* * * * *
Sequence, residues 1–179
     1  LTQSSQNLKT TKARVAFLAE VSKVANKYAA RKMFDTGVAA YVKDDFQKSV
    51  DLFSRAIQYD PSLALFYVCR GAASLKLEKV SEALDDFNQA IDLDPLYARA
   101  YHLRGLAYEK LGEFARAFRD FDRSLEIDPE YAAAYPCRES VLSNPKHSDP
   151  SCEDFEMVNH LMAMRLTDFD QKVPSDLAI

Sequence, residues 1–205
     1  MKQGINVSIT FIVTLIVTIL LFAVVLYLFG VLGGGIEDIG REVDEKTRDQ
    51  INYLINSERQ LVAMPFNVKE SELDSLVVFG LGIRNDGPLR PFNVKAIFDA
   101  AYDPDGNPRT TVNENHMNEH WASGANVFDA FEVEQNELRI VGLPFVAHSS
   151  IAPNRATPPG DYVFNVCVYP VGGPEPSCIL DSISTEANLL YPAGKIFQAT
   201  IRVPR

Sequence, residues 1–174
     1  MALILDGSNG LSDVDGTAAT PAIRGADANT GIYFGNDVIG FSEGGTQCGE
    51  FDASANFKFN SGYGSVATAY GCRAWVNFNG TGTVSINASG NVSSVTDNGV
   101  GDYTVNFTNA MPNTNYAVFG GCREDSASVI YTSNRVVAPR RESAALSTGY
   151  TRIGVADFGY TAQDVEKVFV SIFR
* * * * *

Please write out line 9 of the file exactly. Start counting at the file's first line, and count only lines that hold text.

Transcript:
   101  AYDPDGNPRT TVNENHMNEH WASGANVFDA FEVEQNELRI VGLPFVAHSS